Charity in Wills – Don’t waste the gift

Posted on January 15th, 2019

Share on LinkedInTweet about this on TwitterEmail this to someoneShare on Google+Print this page

What executors need to knowWills are ambulatory. The circumstances existing on the death of the will-maker apply.  This poses difficulties since most people cannot help but write Wills with “today” in mind.

A recent case in the Supreme Court involved legal effort and expense when circumstances changed even in a situation when the will-maker had tried to accommodate the possibility of change.

The will-maker left money to charity for breast and prostate cancer research.  His gift chose a particular trust and stated that if it “ceased to exist” at the time of his death, his executor could choose a similar charity (“cy pres” clause).  8 years before his death, a Judge had found that the trust selected was no longer suitable and had ordered that a new trust be established and the proceeds of the trust be paid into the new trust.  The executor was not sure, therefore, if the trust had “ceased to exist” or not.  The executor sought judicial advice.  The Judge held that in the circumstances of the case the trust had “ceased to exist” and that the executor could pay the gift to the Garvan Institute a charity which agreed to use the money only for breast and prostate cancer.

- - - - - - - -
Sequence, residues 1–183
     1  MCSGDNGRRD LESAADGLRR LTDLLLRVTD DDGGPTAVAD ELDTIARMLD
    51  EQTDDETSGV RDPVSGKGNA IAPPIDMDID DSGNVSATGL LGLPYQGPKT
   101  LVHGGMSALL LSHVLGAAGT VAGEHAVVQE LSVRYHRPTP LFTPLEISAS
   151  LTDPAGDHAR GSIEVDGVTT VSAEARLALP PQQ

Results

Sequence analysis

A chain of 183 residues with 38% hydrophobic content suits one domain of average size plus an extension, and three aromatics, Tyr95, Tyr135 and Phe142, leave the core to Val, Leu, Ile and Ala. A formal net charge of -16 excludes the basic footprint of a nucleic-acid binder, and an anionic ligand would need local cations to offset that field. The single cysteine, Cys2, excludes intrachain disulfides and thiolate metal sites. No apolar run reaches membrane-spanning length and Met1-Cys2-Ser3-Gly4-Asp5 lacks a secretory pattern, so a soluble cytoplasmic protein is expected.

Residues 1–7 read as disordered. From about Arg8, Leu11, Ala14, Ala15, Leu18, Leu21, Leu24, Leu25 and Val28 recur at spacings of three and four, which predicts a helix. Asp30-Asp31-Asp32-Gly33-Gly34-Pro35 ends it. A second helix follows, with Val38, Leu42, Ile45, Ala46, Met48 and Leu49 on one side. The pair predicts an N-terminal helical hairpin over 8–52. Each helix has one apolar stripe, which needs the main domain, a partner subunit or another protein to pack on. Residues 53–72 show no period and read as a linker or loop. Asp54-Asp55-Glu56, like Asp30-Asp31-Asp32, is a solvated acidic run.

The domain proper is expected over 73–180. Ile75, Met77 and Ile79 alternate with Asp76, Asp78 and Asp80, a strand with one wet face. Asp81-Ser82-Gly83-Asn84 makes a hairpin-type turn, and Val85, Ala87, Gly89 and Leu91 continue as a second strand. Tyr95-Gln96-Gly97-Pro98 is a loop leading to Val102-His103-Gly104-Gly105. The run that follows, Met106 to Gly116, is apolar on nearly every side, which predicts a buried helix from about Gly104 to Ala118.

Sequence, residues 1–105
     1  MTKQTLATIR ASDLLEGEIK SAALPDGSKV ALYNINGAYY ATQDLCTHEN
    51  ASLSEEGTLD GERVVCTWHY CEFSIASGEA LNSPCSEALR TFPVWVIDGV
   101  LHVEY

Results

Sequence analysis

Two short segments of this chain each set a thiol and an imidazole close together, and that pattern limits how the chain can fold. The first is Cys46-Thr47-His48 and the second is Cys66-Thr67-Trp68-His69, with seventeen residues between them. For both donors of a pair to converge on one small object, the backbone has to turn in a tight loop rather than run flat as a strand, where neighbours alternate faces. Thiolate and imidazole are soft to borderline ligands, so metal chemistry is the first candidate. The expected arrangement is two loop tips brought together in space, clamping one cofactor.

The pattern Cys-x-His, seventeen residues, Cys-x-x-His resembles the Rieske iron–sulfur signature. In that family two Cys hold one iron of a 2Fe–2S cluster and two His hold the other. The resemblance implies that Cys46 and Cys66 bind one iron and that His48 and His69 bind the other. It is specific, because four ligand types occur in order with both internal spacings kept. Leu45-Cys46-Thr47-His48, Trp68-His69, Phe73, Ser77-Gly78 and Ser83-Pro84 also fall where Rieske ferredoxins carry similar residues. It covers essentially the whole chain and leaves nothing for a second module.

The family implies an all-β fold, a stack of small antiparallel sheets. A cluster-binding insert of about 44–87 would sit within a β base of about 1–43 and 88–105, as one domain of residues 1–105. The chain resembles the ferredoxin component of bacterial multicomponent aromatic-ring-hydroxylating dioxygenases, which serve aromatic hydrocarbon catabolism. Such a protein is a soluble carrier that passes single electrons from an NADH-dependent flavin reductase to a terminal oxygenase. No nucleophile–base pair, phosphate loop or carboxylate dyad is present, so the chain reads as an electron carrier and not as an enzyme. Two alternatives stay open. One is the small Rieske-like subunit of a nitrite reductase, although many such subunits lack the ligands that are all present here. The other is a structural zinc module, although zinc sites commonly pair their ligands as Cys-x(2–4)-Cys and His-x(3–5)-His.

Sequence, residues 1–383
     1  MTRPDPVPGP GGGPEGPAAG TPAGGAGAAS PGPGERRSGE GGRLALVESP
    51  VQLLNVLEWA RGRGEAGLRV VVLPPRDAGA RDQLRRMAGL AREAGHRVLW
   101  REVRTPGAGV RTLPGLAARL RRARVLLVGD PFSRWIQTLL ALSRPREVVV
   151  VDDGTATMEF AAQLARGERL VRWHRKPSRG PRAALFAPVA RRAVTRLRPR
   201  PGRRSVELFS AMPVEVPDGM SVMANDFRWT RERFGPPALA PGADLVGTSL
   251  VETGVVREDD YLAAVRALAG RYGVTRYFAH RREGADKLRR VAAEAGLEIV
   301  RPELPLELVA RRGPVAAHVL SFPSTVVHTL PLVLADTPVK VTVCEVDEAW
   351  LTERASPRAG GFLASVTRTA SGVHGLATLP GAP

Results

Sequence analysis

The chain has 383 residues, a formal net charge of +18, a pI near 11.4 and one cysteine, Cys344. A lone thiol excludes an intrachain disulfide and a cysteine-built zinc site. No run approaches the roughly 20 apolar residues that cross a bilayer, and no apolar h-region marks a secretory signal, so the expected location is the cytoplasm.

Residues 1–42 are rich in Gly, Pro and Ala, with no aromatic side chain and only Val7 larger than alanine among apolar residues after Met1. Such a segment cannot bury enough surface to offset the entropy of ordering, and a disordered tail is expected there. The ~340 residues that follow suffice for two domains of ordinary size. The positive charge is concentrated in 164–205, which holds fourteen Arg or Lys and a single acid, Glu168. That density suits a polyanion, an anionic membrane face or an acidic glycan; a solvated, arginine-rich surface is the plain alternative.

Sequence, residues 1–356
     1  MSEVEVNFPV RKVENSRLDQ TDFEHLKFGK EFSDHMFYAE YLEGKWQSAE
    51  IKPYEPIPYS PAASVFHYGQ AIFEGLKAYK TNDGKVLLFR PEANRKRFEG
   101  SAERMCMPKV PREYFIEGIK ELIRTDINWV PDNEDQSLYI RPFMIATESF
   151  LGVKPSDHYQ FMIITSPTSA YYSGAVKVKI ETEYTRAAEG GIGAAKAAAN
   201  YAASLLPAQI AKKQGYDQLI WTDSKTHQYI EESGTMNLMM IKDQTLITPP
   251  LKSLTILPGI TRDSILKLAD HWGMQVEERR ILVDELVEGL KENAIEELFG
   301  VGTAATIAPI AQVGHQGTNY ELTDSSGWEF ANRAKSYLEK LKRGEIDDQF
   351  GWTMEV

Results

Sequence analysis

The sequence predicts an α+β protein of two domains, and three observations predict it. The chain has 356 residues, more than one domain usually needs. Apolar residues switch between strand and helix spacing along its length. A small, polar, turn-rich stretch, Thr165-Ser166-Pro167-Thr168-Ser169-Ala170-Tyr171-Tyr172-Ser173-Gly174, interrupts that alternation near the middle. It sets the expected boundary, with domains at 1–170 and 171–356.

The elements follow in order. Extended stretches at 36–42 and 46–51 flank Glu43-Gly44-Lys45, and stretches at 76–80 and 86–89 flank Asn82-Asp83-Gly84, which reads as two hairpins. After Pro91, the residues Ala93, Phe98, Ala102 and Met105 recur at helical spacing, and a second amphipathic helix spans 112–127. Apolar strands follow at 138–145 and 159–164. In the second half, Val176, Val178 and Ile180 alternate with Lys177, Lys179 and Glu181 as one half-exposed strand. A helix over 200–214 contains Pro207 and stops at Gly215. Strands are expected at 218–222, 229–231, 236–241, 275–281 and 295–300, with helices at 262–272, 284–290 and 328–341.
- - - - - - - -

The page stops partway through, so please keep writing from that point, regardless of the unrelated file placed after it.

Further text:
The case demonstrates the importance of keeping a Will up to date and the need to carefully choose words when drafting a Will.

Elizabeth Joan Paulsen as executor of the estate of the late Miriam Lesley Jean Douglass v Northern Sydney Local Health District [2018] NSWSC 1473

Felicity Wardhaugh is a Special Counsel at Mullane & Lindsay, and practises extensively in Wills and Estate Planning, Commercial and other Litigation and Employment LawIf you require any assistance in these areas please contact Felicity Wardhaugh or contact our Newcastle office.

Share on LinkedInTweet about this on TwitterEmail this to someoneShare on Google+Print this page